Do 1 Thing ENERGY STAR: Find More Comfort and Savings by Adding Insulation to Your Attic
By: Doug Anderson
This week EPA invites you to “Do 1 Thing ENERGY STAR,” by sealing and insulating your home. This blog post is the fourth in a five part series from ENERGY STAR’s home envelope expert Doug Anderson about the benefits of sealing and insulating your home, and how you can get started this fall.
In yesterday’s blog, I covered how the attic is typically where the largest energy savings opportunity exists and how to seal air leaks in this area. To complete your attic energy-efficiency improvements, you then need to install additional insulation. By increasing your attic insulation levels, you can save energy and greatly improve the overall comfort of your home.
Attic Insulation: Deciding whether to do it yourself or hire a contractor
If your attic is accessible and not too difficult to move around in, and you enjoy tackling bigger home improvement projects, adding attic insulation may be a good do-it-yourself (DIY) project for you. EPA’s Seal and Insulate with ENERGY STAR program provides great DIY resources to guide you through the process. Even if you are not comfortable taking on this project yourself, there are many qualified contractors who can help you get the work done.
Also, consider consulting a contractor if your attic has wet or damp insulation, moldy or rotted rafters or floor joists, little or no ventilation, or pre-1930 knob and tube wiring. These may require repairs before starting.
Check the Level
Whether you are planning to do the project yourself or hire a contractor, start by checking your attic insulation levels or depth. All you need is a tape measure or yardstick. Taking a few pictures of the existing insulation in each direction inside your attic can provide a good record of where you are starting from, so bring a cell phone camera or digital camera with you.
Use the tape measure or yardstick to measure the depth of your existing insulation. Insulation often varies in depth so check in a few places. Knowing your current insulation depth will help you determine whether you should add more and how much more you should to add.
Choosing your insulation
Next, choose the right insulation for the job. Rolls of insulation can cover large areas of the attic and are great for wide open rectangular attics. They are available in fiber glass, mineral wool, plastic fibers, and natural fibers, such as cotton. Loose fill insulation is another common attic insulation made up of loose fibers of cellulose, fiberglass, or mineral wool that can conform to any space, making it ideal for odd shaped or hard to reach locations.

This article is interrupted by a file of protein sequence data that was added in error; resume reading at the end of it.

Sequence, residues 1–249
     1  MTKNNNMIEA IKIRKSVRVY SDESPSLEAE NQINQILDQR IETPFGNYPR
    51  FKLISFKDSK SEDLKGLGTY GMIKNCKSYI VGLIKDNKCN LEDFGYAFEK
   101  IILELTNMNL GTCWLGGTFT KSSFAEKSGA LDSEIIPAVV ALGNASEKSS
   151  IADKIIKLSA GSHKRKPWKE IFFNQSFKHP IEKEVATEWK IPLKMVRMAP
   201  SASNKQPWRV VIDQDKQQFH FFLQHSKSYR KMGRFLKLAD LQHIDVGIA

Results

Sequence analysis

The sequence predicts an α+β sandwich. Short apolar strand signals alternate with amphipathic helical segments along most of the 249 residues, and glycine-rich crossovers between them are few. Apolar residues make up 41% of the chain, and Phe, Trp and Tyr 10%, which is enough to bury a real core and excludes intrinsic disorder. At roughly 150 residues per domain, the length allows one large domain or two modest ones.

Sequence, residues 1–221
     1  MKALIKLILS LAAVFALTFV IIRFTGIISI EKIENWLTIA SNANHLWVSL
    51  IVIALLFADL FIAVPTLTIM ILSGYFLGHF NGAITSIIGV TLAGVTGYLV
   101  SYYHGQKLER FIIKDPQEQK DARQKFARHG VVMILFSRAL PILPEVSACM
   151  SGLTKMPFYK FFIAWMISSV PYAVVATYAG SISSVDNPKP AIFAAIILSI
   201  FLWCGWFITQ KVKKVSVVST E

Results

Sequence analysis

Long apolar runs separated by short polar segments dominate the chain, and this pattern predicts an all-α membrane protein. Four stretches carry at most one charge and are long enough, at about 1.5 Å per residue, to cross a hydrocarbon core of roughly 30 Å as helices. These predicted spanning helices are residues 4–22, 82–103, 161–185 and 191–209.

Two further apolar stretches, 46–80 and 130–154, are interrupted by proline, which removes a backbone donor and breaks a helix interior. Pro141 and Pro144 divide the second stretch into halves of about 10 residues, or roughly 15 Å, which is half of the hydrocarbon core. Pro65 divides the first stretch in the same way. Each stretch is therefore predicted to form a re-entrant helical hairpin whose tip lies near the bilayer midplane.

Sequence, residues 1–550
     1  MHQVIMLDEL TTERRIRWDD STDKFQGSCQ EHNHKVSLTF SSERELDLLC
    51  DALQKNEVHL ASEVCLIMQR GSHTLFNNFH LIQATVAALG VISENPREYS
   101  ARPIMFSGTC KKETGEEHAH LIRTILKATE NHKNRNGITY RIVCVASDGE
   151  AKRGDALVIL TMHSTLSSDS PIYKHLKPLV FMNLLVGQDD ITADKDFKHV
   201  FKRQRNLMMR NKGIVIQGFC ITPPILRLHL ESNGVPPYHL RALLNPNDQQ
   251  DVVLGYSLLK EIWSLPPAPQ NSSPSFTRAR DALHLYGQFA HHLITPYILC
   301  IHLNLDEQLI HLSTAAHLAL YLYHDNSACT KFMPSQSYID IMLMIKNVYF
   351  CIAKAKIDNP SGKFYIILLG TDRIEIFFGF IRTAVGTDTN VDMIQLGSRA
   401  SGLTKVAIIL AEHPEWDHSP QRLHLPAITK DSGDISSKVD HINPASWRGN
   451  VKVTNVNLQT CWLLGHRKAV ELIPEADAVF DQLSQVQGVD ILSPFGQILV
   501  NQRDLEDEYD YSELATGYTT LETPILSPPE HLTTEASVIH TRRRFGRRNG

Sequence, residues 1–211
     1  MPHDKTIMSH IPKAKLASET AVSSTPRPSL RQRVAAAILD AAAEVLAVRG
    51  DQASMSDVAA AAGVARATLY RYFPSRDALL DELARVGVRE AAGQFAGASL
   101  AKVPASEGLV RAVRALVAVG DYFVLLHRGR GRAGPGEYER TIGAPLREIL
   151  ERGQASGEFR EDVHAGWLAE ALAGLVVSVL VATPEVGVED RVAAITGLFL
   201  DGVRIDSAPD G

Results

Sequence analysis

Installing attic insulation
When installing additional insulation, you do not have to use the same type of insulation that currently exists in your attic. You can add loose fill on top of rolls, and vice versa. If you use roll insulation over loose fill, make sure the roll has no paper or foil backing; it needs to be “unfaced.” Rolls installed over existing rolls should be placed side-by-side perpendicularly to the joists to cover the entire space. Think carefully before you choose this option. The many rolls you will need can be large to carry back from the store in a small car, and can be difficult to squeeze through small attic hatch openings.
If you choose to add loose fill, it may be wise to hire a professional, as the application requires the use of a blowing machine. Some home improvement stores offer rentals of this machine for the motivated DIYer. The machines are heavy and usually require an SUV or pickup to get home.
Keep in mind that insulation can create a fire hazard if it comes into direct contact with places that can get hot, like light fixtures, chimneys or flues, so you should take the proper precautions. Use sheet metal or wire mesh to help create a barrier around them. Some home improvement stores now sell insulation covers for insulating around recessed lights.
Do 1 Thing ENERGY STAR this week. Start insulating your attic to get more energy savings and comfort for your home!
Doug Anderson is an ENERGY STAR Project Manager and has been with EPA for 13 years. He works on issues related to the home envelope, including insulation products and energy efficient residential windows.
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